– The emerging report from the $15bn arms deals as Panel traces N2bn to five children of ex-Army Chief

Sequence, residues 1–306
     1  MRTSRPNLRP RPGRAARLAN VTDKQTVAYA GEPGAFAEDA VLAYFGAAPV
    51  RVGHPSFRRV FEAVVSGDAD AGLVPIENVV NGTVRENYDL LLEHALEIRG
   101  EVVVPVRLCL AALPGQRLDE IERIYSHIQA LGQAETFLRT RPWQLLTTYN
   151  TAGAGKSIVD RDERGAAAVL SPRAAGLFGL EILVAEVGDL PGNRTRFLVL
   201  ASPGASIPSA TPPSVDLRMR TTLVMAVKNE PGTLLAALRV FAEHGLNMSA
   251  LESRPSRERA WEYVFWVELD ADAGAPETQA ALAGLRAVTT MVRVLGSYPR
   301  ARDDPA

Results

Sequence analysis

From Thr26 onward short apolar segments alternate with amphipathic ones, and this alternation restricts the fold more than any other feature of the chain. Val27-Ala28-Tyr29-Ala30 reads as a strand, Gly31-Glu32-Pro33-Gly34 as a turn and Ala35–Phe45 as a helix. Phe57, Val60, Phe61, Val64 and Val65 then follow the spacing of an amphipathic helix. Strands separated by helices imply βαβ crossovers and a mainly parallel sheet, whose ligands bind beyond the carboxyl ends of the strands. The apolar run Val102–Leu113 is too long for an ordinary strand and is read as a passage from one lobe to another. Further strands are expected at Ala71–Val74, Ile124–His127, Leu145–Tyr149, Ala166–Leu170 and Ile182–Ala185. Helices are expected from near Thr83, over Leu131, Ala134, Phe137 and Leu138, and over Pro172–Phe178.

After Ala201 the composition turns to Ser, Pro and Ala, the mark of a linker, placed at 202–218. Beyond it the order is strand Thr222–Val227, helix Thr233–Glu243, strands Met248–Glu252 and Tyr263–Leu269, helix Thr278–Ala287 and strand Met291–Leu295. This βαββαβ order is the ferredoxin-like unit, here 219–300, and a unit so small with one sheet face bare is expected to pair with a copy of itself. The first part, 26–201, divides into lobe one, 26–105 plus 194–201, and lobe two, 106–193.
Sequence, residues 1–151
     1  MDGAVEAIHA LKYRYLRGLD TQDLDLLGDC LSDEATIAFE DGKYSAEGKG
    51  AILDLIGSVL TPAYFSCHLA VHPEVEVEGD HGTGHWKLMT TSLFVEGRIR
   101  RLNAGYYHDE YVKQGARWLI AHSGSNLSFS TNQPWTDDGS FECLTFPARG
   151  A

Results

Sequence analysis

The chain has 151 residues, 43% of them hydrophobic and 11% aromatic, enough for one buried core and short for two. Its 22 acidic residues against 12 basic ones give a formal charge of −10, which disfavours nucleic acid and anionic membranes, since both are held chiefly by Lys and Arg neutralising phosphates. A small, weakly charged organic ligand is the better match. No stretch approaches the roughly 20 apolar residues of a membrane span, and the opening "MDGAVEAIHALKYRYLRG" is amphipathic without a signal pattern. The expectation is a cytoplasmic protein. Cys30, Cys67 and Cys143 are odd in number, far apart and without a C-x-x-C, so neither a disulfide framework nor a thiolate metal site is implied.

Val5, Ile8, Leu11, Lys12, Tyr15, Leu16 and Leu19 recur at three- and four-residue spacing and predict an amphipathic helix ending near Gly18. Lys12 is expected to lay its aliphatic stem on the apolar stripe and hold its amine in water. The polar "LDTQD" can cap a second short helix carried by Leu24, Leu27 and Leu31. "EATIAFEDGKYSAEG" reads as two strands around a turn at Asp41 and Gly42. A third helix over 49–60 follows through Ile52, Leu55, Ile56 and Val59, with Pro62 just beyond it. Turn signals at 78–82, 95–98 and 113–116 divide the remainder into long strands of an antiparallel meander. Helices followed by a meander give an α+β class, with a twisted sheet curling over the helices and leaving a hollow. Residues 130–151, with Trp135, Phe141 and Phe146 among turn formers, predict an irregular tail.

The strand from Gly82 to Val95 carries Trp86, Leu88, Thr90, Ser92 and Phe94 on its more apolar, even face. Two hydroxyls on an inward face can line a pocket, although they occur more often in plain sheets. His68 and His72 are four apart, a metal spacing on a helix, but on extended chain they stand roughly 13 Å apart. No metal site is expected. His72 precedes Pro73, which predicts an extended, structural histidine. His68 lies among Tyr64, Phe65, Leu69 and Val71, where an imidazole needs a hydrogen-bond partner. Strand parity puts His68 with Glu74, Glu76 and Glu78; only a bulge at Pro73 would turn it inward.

“The committee reviewed the procurement carried out by Chok Ventures Ltd and Integrated Equipment Services Ltd, two companies that shared the same registered office, had one name as common controlling shareholder and sole or mandatory signatory to the various banks accounts of the companies. The committee further established that between March 2011 and December 2013, the two companies exclusively procured various types of Toyota and Mitsubishi vehicles worth over N2, 000,000,000.00 for the Nigerian Army without any competitive bidding. Most of the contracts awarded to the companies were also split, awarded on the same date or within a short space of time at costs and mobilization higher than the prescribed thresholds. For instance, on February 13 and 15, the two companies were awarded contracts worth N260, 000.000.00 and N315, 000,000.00 respectively for supplies of various vehicles. The Nigerian Army could not justify the exclusive selection of these vendors against other renowned distributors of same brands of vehicles procured. More seriously, the committee found no credible evidence of delivery of the vehicles by the two companies as there were no receipt vouchers, but only unauthenticated delivery notes, invoices and waybills that were purportedly used for the deliveries. Nevertheless, the vendors were fully paid based on job completion certificate authenticated by the then Chief of Logistics, Maj Gen D.D. Kitchener (rtd). The payments were also made without deduction of Withholding Tax (WHT). Furthermore, analyses of the various bank accounts of the two companies showed transfers to individuals , some of who are believed to be children of the army chief. Thus, the committee recommends further investigation to determine delivery of the vehicles and relationship of funds beneficiaries with the former COAS and the two companies. Furthermore, the panel said that Lt Gen O. A. Ihejirika (rtd), Maj Gen D. D. Kitchener (rtd), Col A. M. Inuwa and Mr Chinedu Onyekwere should be held accountable for the issues arising out of the contracts.”